I’m completely absorbed in the sneaker world. On both the consumer side and marketing side; it’s a harmonious blend of both. Yesterday I experienced the launch of StockX London, an exciting move for the UK sneaker-head with our questions at the ready. Instagram is such a useful communication tool.
‘The stock market of things’ just launched their first distribution centre outside of the U.S in central London. Now, before this move it was still a simple process for someone in the U.K to purchase or sell a product, mainly sneakers. But a few issues due to being in separate regions had a potential put people off. The most problematic being our notoriously inconsistent import duties.
So now that they’re here, what does it mean and how will it change the sneaker market and sneaker culture?
Here are the important bits: now that a distribution centre is in our country, it’s going to cost us less postage (by 62.5%) and the import fees have been standardised per transaction so there are no more surprises post unboxing elation. Josh used the term ‘smart-routing’ to explain how the nearest item will make it’s way to you as all SKUs are the same, whether located in San Francisco and Stockholm.
Some of my peers and fellow community members are a little sceptical as to what effect this new development may have on the sneaker buy/sell market. I’ve heard people say that it will spike values and make it even harder to acquire what you want, and therefore a less enjoyable culture to be a part of. After attending yesterday I feel confident that everything’s going to be alright. There is a much bigger picture to what StockX is trying to achieve here.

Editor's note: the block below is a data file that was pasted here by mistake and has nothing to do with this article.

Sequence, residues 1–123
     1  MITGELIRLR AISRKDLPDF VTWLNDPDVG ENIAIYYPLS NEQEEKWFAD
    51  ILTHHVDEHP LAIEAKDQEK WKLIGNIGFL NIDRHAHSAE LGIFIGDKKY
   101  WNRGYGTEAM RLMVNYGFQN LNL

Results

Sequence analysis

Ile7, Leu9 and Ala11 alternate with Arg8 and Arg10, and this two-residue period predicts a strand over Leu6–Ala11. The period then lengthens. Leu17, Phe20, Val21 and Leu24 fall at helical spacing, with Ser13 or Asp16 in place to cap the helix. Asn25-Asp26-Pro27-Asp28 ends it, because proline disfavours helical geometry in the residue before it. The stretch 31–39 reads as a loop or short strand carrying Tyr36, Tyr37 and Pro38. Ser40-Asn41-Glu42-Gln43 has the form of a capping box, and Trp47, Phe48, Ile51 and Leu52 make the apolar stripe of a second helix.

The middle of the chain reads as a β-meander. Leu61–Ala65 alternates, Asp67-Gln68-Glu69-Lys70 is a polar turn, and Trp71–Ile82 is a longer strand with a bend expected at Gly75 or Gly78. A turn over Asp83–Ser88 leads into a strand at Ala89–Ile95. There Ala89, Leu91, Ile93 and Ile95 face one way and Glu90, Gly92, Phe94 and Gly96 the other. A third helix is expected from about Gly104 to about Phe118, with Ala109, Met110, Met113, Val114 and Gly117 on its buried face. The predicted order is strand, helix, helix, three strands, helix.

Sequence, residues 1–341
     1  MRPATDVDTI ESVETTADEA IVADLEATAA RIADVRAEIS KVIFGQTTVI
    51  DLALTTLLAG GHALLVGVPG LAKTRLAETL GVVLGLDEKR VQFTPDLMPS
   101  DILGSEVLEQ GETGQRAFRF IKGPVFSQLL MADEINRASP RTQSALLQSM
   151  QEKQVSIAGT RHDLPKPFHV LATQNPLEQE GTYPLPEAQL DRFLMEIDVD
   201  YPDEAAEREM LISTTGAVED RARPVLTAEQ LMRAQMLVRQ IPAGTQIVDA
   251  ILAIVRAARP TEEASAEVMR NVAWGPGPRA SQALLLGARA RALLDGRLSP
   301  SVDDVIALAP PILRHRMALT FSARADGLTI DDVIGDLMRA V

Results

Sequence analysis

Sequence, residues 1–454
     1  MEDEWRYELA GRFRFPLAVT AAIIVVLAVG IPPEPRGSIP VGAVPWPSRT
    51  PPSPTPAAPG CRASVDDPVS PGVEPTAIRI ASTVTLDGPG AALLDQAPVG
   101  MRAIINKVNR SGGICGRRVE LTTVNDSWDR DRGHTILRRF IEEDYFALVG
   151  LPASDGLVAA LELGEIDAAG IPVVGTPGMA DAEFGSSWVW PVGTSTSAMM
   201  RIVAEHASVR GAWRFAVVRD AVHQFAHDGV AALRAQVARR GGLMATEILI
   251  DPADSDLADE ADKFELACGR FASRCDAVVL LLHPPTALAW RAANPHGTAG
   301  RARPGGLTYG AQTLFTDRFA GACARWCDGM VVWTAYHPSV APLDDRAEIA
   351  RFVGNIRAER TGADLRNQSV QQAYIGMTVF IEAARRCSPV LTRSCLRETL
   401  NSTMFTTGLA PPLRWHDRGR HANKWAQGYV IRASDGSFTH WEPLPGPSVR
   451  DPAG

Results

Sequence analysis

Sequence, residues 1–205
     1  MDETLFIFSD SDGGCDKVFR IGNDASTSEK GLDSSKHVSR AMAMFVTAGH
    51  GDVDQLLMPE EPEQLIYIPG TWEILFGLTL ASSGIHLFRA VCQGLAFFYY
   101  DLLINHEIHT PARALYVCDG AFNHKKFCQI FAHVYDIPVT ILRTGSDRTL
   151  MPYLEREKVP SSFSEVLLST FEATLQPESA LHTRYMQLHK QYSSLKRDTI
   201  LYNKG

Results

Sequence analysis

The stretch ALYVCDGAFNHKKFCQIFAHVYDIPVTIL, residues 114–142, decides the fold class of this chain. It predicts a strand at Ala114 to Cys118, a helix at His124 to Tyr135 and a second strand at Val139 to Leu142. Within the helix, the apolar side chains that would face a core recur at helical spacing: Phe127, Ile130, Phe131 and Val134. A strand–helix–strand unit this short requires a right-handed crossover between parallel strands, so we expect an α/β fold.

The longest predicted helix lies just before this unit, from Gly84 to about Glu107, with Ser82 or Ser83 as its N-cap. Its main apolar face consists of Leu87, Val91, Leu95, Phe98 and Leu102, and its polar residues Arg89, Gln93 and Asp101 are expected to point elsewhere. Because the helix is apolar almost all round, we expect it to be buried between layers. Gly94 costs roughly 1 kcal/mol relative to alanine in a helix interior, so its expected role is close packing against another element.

All other market places (eBay, Facebook groups, events) for sneakers will still exist, and will still thrive to find those sought after pairs; I see them as the digital version of store hunting. These platforms are more hit and miss but can wind up being a come-up. In a general perspective I don’t expect any inflation in sneaker prices, I just see an already-popular method to cop more accessible to Europeans as a whole, which is anything but negative in my view. This is very much a natural progression as the sneaker culture keeps gaining momentum and as a whole expands into a more main stream consumer.
I’m really glad StockX decided to celebrate their new hub here by putting on an event which invited and informed the community – something they didn’t have to do. Exhibitions, workshops and panel conversation plus an in-depth presentation from CEO Josh Luber made for an enjoyable day and expressed the essence of what and where it originated.
Enjoy my full event recap via Instagram stories here.